Until the end of 2017, every Intel Mac could boot from an external disk, and doing so was a popular choice with users. It allowed us to dual-boot without touching internal storage, provided an easy means of self-rescue, and saved us from having to replace a dead or defective internal disk.
Then the iMac Pro, with its T2 chip, changed all that, and over the next year those buying new MacBook Pros too discovered the sting in their tail: by default they can’t boot from any external disk, and even when you enable that, that Mac is still dependent on the integrity of its internal storage.
Less than three years after the arrival of the first Macs with T2 chips, Apple changed it all again with its new M1 Macs. Although they are supposed to support booting from external disks as a right, it wasn’t until Big Sur 11.4 in May 2021, over six months later, that this became fairly reliable. Since then, I have installed macOS on a great many external disks and booted successfully from them. Those have included both hard disks and a wide range of SSDs, and over the last week I’ve been testing it in Ventura with seven branded SSDs from major manufacturers. Not one has failed to boot successfully from my Mac Studio M1 Max or MacBook Pro 16-inch M1 Pro.
Yet whenever I describe what has become reliable routine here, whether in Monterey or Ventura, I get floods of comments from users who can’t get it to work at all. They universally describe their Mac’s failure to create the LocalPolicy required for that external disk to be bootable, resulting in macOS’s failure to complete its installation. That’s the same problem that plagued me before macOS 11.4, which I haven’t encountered now for 18 months.
A few have been given duff information, being told that they had to downgrade Boot Security just as with a T2 model. I don’t know who’s providing that misleading story, as Startup Security Utility doesn’t provide that option for Apple silicon Macs, and in any case, since Monterey boot security can only be changed in the paired Recovery volume. If your Mac can’t boot from that disk in the first place, you can’t change its Secure Boot policy for that disk.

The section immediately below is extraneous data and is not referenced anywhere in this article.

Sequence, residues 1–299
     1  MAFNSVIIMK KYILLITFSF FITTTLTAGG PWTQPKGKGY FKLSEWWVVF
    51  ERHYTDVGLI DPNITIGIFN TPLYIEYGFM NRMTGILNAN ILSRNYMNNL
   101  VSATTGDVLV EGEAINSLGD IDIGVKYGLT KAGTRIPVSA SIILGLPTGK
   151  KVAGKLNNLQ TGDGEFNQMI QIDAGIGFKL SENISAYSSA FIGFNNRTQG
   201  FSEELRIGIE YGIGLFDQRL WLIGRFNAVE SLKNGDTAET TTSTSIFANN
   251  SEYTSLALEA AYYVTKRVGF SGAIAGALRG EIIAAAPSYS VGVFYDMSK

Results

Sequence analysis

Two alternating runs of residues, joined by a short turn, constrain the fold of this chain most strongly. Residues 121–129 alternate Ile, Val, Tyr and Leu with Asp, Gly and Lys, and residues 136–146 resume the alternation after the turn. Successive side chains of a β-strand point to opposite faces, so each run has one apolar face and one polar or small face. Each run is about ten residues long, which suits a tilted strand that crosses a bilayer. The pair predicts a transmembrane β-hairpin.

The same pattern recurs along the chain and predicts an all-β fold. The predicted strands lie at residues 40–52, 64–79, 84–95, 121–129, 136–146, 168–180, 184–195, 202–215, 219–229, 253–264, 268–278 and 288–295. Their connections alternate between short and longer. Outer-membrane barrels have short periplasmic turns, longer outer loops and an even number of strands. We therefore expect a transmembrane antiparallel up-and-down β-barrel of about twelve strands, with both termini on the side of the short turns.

Over those 18 months, I’ve been unable to explain why others seem unable to do what is here so reliable as to be routine. Between us we’ve ruled out SSDs, cables, ports and procedures. I’m now left shrugging my shoulders, and admitting that I just don’t know why some are invariably successful, and others the exact opposite, no doubt cursing my good luck as their repeated attempts all fail.
The pattern of failure points to the problem lying in individual Apple silicon Macs, but without combing through their configuration in fine detail, there appears nothing out of the ordinary with Macs that can’t install an external bootable disk. And without identifying the cause of this problem, finding a solution is wild guesswork.
I’m reminded of a lesson I learned back in 1987, when I was developing for Commodore, and learned that each of its Amiga 2000 computers had a unique ‘personality’. For my work, engineers hand-picked a computer from their stock so that it would work best for my development. It appeared that computers had then reached a level of complexity that they were no longer entirely deterministic in their behaviour. Could we have reached that in Apple silicon Macs?
It’s perhaps time to start using the command tool that Apple warns “is not to be used in production environments”,
bputil, to look inside the detailed contents of a Mac’s LocalPolicy, to see what may have gone astray there. In the coming weeks I will report back on my journey to discover why, when it comes to booting from external disks, not all Apple silicon Macs are equal. Before offering to join me, first read the cautionary paragraphs in the introduction to man bputil.